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60pc Govt Schools Lack Basic Facilities

25 July, 2006

By Siddiq Sajid


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Despite a lapse of five years, the government has not been able to implement the president’s Rs55.5 billion Education Sector Reforms (ESR) programme.

 

The programme was started in 2001 on the directives of President Gen Pervez Musharraf but still more than 60 per cent government schools lack basic facilities like boundary walls, clean drinking water, electricity, latrines and buildings.

According to the data complied by the education ministry, during the last five years, the ministry could spend only Rs4.42 billion out of Rs55.5 billion.

This amount was given to provinces and districts to revamp education infrastructure of all 147,439 primary, middle, high and higher secondary schools in the country.

The data of Pakistan School Statistics 2005 that was presented to the Senate Standing Committee on Education a few days back and is available with weekly Pulse shows that there are 147,439 primary, middle, high and higher secondary schools in the country, including FANA and FATA. Out of these, the number of primary schools is 123,039, middle schools are 14,559; 8,943 are high schools and 898 are higher secondary schools.

At present, 61,107 schools do not have a boundary wall, 65,921 are without drinking water facility, 103,650 are without electricity, 79,290 have no latrines and 18,472 schools do not have a building.

These figures are enough to expose the performance of the provincial government’s programme "Parha Likha Punjab". In Punjab there are 56,233 schools out of which 26,902 do not have a boundary wall, 12,536 are without drinking water, 38,414 have no electricity, 31,502 are without latrine and 4,301 schools do not have a building.

In the last five years, the education ministry was given Rs160 billion (2.7 per cent of the GDP) and this did not include the amount fixed for ESR. Even then the state of government education institutions is deplorable.

Isn’t the government supposed to take action against those officers of the ministry and provincial governments who had failed to spend Rs55.5 billion on a programme that was approved and initiated by President Gen Pervez Musharraf?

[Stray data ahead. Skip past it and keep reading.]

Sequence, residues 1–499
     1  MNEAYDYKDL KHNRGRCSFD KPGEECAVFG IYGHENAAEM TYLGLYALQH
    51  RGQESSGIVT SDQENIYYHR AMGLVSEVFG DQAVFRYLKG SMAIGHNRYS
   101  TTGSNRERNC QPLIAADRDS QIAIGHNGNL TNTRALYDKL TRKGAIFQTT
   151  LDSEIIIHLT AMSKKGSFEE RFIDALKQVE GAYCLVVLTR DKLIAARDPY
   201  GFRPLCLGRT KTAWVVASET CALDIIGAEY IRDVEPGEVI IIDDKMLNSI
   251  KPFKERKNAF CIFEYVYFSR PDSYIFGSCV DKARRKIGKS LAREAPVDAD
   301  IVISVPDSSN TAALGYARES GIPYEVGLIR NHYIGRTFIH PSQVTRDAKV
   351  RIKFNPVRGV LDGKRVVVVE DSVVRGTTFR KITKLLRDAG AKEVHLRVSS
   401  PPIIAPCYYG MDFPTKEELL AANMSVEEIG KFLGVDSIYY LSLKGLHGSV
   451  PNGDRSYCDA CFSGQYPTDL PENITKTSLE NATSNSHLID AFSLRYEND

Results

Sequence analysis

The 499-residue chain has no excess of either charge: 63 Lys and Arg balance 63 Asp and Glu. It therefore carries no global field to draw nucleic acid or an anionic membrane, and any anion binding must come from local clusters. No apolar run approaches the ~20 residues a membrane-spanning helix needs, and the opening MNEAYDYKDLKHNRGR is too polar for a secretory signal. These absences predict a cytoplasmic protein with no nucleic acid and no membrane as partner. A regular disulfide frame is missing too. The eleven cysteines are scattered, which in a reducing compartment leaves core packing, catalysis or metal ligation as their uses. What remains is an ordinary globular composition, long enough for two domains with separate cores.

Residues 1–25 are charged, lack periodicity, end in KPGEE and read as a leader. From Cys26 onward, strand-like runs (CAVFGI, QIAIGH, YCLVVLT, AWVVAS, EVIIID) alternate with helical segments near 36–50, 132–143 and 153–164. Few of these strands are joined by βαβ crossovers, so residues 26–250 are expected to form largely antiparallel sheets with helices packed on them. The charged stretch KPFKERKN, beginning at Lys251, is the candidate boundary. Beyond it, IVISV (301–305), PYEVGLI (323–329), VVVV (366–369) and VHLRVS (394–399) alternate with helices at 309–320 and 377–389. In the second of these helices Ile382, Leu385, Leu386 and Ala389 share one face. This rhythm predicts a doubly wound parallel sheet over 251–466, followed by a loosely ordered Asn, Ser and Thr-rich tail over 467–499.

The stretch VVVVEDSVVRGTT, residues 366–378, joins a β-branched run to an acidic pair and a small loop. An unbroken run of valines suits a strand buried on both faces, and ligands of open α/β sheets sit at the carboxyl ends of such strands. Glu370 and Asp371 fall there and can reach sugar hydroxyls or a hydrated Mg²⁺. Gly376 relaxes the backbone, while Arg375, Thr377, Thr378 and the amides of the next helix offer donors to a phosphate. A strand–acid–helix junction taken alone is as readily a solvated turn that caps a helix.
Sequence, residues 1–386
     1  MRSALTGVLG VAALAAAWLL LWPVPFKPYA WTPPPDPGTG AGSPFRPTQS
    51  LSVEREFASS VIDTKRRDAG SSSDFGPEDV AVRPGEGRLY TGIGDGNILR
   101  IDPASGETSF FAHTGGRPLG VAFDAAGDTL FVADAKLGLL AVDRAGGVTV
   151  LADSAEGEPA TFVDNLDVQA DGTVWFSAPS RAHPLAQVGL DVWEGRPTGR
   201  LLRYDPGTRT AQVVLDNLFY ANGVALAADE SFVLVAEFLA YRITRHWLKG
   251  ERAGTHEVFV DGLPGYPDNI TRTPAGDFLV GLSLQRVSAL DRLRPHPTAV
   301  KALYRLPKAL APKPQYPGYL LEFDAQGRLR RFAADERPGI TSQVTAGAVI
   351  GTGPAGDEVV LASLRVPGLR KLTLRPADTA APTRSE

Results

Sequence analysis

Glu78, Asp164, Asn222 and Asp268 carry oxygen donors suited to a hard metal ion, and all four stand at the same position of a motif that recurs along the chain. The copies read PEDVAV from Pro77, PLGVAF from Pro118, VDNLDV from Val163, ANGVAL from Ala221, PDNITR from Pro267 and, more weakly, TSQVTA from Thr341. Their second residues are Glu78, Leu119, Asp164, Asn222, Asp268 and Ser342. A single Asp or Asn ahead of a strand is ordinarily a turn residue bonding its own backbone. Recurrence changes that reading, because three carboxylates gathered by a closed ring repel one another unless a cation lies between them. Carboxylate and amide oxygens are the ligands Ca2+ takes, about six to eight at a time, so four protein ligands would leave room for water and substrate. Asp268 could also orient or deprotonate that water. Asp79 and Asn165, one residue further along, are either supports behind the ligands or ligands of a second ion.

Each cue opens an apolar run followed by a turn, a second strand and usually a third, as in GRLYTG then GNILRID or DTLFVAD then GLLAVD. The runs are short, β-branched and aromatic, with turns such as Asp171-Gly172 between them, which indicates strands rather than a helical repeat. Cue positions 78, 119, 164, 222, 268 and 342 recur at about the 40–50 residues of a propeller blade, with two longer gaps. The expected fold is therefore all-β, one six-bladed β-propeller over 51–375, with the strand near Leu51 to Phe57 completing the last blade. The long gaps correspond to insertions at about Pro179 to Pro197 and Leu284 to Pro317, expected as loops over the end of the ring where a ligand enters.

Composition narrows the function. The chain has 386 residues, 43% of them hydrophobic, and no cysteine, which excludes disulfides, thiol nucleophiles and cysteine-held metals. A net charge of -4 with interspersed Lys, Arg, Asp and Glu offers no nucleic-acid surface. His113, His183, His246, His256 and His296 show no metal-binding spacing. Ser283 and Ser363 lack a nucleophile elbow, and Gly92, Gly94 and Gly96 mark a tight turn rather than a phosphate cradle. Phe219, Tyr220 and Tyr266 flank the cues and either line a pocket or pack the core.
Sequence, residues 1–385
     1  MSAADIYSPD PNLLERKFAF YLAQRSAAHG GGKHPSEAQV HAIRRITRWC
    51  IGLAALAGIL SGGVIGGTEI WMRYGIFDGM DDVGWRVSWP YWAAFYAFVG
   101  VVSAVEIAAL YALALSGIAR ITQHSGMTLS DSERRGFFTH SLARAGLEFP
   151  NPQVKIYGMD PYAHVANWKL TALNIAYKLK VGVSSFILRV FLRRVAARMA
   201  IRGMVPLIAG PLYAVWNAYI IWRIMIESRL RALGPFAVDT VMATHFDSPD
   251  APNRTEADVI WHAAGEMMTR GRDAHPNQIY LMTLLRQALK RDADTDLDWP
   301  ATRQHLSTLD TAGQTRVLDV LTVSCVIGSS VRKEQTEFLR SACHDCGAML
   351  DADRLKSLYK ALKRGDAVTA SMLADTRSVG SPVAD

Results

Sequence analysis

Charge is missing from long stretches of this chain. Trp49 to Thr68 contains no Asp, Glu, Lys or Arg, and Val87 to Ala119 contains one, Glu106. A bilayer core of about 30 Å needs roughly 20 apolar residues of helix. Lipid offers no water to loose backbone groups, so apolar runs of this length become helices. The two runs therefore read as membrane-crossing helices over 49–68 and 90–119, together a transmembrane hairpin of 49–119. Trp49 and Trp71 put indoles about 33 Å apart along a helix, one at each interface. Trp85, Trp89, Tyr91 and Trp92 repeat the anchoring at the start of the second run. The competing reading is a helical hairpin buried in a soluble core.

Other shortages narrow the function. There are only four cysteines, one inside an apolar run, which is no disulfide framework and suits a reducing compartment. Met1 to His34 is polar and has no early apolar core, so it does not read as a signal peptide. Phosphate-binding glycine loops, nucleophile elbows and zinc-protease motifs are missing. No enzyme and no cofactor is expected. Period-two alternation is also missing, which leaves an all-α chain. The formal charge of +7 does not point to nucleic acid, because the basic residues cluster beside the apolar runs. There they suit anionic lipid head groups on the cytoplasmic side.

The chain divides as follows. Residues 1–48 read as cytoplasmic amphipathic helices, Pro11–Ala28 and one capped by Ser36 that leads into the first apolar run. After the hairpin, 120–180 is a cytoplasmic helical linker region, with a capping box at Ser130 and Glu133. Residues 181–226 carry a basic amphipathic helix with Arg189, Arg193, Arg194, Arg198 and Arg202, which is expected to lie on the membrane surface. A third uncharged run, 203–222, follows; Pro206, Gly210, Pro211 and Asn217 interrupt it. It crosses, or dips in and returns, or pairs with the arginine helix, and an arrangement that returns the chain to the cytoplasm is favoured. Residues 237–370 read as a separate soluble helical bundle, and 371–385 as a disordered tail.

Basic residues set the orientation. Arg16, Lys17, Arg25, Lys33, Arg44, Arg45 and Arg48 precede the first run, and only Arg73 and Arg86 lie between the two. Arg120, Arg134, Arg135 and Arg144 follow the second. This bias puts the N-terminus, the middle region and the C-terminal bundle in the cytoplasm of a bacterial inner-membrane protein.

But the departments concerned have failed to deliver which can be gauged from our literacy rate (53 per cent) which is the lowest compared to other south and west Asian countries.

Sources told weekly Pulse that there were also a number of ghost schools in the country whose teachers were getting salaries from the national exchequer. The mafia of corrupt officials sitting in federal and provincial education departments is looting public money, they added.

They said the main reason for the failure of the ESR is differences between the education ministry, provincial and district governments.

The provinces want the federal education ministry to give them their due share from Rs55.5 billion instead of providing the money in installments. On the other hand the ministry has set criteria under which money would be released based on the performance of the provincial governments in the implementation of ESR. But the provinces are not ready to accept this due to which the ministry only released Rs4.42 billion in the last five years.

According to Minister of State for Education Anisa Zeb Tahirkheli, the ministry would provide Rs1,050 million under the ESR to provinces, district and federal institutions during the fiscal year 2006-07 provided all concerned submitted the implementation plan.

This year the government has allocated over Rs22 billion for the education sector, including higher education, and Rs6.5 billion for basic education and college education projects. In the past, the government failed to achieve the goals and this year there seem to be no sign of improvement in the education sector because the real problem has yet not been solved.

If the government is interested to revamp the education system, it should remove differences between the federal and provincial departments.

End.

Reader Comments:

VILLAGE...

It takes a village to raise a child and just about a millennium to raise the standards and ideology of a nation, and the core of that concept is embodied under the most important phenomenon- quality EDUCATION and its facilitation. All possible should be done by the government and the nation as a whole to promote this or we may never understand the difference between democracy and the desecration of rights. This should be a matter of paramount priority and must be addressed forthwith will all dispatch.

N. JAVED, United Kingdom - 27 July, 2006

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